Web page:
In the future, we'll all be broke

23rd June 2000 at 01:00
THERE are, I have to report, some benefits to be had from sharing your life with a primary school teacher. For a start you never have dirty knees for long and your faults are always communicated to you in clear, simple language.

Occasionally your other half helps you see the future. This is the case now over the painful business of performance-related pay.

Recently I have become all too aware of something called "the threshold". My wife will discuss nothing else. She also does nothing unless it is threshold-related. In this she is not alone - the whole schoolteaching profession appears to be threshold-fixated.

Any sensible government would want to avoid the same mistakes with lecturers. What, however, this one will do, if they do anything, will be to turn the schoolteachers' present into our future. Call me Cassandra but this is how I see it going:

(1) The consultation: lecturers up and down the country will be invited to share their views on performance pay with laptop-toting types from the Department for Education and Employment. The lecturers will say as one: Don't do it! The DFEE will say, thank you for your valuable contributions. In the light of what you say we have decided to introduce a performance pay system.

(2) The form: this will be known as "the form" and will be the biggest production since Ben Hur. Several hundred bureaucrats will take six months to devise it then announce that a retarded baboon could fill it out in 20 minutes. In practice it will take thousands of non-retarded lecturers a good three weeks to complete. Filling out all 15 pages of the form will be the only way of qualifying for the pound;1,000 "threshold" raise. (Yes, the teachers got pound;2,000 but we know our place.)

(3) The training: this won't be training for better teaching, but training for filling out the form. Colleges will close for days. A lavishly produced video entitled The form and you will appear, in which a presenter sacked from a shopping channel for being too saccharine will alk V-E-R-Y S-L-O-W-L-Y so the less bright among us can understand.

Larger colleges will have to invest in costly lifting equipment to shift the portfolios of evidence each lecturer will need to back up their 15 pages of self-promotion. In essence, this will say: "I am the dog's bollocks."

(4) The processing: The three months of paralysis at lecturer level will be followed by a three-month paralysis at manager level as the colleges' finest try to make sense of the mountain of paperwork from lecturers.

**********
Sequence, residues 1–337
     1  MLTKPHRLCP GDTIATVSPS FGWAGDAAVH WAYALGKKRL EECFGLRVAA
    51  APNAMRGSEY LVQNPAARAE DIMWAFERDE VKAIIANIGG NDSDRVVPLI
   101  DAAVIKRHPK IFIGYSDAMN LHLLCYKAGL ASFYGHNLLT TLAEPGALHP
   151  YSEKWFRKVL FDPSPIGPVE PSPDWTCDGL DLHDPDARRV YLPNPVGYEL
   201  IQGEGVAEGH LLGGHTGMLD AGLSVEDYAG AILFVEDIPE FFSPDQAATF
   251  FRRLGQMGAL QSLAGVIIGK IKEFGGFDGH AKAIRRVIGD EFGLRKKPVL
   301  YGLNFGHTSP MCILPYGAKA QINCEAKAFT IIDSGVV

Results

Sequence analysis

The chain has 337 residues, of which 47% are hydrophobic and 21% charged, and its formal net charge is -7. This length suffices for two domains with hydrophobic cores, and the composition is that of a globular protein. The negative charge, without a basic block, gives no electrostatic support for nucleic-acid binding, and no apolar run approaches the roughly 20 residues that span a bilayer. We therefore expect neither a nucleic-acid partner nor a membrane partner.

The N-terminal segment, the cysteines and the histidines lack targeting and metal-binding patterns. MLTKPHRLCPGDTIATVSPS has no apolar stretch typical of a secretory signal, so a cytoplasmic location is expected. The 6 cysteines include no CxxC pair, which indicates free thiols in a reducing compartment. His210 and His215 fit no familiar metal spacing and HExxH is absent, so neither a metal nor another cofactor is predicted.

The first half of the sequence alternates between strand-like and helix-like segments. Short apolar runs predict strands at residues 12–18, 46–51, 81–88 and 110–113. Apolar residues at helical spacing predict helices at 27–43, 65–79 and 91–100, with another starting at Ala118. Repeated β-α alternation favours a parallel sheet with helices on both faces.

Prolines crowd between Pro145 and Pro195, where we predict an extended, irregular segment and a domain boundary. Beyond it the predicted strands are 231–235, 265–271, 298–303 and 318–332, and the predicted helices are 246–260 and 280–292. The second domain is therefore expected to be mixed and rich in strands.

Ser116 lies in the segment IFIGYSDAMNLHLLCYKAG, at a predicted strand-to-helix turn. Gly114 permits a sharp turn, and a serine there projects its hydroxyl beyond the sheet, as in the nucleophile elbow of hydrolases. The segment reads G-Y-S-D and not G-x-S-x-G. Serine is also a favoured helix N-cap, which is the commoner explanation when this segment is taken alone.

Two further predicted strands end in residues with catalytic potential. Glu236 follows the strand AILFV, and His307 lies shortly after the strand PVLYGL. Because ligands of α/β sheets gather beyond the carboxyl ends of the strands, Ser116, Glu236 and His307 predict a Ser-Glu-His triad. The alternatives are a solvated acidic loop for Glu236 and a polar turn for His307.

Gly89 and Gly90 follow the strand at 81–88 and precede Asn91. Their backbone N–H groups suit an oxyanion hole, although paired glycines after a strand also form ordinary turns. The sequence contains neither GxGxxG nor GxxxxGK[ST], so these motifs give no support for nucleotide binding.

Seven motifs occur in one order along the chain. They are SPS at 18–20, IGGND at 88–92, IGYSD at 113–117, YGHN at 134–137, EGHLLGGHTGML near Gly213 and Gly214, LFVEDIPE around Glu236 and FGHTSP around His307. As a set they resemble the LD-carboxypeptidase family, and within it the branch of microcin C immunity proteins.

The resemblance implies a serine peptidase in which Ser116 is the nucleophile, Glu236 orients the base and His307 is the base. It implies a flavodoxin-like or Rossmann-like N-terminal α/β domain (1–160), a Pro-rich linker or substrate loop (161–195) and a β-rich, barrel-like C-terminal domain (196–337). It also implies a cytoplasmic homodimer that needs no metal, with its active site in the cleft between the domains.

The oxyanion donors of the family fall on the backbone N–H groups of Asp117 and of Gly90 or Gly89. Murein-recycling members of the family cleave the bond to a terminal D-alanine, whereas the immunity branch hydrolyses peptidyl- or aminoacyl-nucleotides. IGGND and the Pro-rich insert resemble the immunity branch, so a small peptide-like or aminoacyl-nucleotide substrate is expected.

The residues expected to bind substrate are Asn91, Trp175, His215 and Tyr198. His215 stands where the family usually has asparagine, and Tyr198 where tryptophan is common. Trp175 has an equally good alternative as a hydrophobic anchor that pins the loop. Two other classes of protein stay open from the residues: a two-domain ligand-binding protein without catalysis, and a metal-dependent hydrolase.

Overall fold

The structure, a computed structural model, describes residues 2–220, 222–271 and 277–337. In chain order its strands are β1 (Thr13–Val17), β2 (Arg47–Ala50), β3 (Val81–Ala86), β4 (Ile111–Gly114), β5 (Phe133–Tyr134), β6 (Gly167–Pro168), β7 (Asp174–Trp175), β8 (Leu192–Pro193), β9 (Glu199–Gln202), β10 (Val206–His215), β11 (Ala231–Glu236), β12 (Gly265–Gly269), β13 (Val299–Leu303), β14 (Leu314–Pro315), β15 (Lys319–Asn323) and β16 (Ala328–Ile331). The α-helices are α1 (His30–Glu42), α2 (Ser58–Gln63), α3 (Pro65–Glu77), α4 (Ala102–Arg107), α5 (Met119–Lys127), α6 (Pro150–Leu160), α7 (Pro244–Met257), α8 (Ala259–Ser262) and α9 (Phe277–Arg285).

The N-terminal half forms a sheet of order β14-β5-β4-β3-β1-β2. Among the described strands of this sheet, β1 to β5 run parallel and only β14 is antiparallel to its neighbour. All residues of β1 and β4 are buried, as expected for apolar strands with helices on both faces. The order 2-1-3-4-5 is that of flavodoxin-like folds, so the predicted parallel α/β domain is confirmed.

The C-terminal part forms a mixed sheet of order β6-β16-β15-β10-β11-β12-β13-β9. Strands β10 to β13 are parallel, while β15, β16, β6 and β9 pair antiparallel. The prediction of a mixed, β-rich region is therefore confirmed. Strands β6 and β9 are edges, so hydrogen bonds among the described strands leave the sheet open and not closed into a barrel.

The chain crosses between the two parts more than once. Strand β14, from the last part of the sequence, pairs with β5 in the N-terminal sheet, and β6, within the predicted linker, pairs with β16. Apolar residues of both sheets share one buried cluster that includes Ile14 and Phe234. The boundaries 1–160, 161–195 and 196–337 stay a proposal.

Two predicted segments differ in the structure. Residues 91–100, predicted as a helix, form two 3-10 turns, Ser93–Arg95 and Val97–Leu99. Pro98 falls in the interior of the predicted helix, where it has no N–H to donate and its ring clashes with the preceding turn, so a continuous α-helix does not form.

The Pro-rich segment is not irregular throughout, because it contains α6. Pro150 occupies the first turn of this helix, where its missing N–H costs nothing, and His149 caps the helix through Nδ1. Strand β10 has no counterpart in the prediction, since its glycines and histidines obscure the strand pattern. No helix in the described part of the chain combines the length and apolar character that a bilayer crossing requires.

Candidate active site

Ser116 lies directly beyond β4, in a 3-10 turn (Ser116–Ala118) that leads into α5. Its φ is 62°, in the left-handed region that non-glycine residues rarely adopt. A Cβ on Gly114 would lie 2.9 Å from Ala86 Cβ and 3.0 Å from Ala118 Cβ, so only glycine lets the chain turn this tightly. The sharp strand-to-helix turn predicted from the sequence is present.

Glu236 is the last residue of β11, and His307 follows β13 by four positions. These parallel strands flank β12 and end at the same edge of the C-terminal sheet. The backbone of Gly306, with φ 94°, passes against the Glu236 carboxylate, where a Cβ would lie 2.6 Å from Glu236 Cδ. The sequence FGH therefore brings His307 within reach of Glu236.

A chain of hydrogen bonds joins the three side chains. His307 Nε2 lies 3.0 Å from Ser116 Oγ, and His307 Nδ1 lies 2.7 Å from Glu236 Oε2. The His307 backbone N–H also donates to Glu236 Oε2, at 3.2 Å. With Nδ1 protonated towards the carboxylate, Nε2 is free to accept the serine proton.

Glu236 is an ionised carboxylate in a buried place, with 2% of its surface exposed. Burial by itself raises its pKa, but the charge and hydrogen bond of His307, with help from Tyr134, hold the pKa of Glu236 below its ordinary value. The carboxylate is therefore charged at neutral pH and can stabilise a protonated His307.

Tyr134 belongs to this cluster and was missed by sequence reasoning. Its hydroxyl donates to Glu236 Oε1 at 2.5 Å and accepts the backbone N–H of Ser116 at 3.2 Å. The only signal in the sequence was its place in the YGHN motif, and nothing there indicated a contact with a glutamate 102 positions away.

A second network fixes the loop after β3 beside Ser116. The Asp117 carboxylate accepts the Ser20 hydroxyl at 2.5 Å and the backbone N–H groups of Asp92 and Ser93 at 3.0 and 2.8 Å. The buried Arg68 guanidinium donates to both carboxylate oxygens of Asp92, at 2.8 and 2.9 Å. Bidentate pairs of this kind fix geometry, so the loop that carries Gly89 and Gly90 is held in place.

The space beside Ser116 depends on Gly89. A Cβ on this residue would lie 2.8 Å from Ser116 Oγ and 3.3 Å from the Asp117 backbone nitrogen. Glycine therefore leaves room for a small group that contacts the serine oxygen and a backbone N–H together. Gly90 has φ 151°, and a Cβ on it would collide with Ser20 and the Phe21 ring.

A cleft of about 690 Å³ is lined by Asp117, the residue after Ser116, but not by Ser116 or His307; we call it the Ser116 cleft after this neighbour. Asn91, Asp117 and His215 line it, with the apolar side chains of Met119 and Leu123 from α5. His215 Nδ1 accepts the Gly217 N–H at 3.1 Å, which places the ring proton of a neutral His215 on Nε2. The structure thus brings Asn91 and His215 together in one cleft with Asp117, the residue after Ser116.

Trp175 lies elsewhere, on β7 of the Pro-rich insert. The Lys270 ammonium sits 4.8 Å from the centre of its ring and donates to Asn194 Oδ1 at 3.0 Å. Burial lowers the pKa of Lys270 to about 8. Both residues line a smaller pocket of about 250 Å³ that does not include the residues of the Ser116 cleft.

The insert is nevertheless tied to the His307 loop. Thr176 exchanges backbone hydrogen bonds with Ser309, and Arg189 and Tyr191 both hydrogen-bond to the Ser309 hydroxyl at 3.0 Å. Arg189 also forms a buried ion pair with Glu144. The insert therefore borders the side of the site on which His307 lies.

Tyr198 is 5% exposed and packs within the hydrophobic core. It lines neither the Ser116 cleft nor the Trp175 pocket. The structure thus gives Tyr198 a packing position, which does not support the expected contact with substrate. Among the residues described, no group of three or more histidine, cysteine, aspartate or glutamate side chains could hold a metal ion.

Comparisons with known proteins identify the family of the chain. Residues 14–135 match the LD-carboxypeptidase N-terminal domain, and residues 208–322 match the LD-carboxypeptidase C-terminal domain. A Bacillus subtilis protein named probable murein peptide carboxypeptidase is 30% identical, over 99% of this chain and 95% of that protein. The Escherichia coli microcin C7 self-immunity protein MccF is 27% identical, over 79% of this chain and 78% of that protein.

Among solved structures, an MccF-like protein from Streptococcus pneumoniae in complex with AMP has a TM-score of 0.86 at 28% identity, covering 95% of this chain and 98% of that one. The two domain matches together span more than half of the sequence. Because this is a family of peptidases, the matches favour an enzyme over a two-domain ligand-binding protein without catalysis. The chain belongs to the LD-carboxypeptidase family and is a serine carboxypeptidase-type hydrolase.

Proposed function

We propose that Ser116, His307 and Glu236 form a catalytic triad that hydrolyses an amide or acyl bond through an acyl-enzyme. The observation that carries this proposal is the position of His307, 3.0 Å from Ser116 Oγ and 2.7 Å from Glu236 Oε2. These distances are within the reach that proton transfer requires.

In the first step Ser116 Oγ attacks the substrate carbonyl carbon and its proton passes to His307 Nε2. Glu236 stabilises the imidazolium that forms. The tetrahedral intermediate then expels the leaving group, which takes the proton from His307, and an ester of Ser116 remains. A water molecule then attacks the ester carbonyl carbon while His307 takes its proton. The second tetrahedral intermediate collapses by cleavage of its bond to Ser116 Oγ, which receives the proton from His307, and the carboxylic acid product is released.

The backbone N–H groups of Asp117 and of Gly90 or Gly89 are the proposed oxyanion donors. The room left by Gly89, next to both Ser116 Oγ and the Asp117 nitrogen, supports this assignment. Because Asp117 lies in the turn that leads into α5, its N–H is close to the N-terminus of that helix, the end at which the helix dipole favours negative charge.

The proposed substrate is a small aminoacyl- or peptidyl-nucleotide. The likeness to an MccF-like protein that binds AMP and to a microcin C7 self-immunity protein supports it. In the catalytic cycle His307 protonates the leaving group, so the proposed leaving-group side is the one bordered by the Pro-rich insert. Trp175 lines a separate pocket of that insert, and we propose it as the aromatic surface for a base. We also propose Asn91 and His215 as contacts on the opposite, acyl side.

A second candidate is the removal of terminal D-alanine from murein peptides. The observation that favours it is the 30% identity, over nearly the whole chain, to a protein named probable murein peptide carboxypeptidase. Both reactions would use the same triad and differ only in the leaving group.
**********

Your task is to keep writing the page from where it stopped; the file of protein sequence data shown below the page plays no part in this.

The publicity will say decisions about who gets the dosh are objective. In practice most lecturers will believe it's a case of "if your face fits...". This will result in levels of division and bitterness not seen since the abolition of promotion based on "level of work".

(5) The reaction: everyone in FE, except for a few safe pairs of hands, will be against the new system. NATFHE will declare: "Over our dead bodies," and when the Assoication of Colleges says that that can be arranged, they will modify their stance to "Well ... maybe". Eventually they will recommend members apply, as long as they promise to sulk as they fill in the forms. A vocal minority in the union will declare a boycott. Twenty years later this dwindling band will still be holding "Smash PRP" rallies where they will burn their payslips and mutter darkly about the "betrayal of 2001".

(6) The end result: things in FE will be considerably worse than they were before.

Each annual round of pay assessment will take lecturers and managers further still from the real business of educating students. What should have been a boon (ie more money) will have turned into a nightmare.

The Government will declare it a great triumph and Lord Wicks of Threshold will take his seat in the reformulated upper chamber.

And the tranquillity of the Jones household will be forever disturbed by Tweedledum and Tweedledee berating each other about their own particular version of that pernicious threshold.

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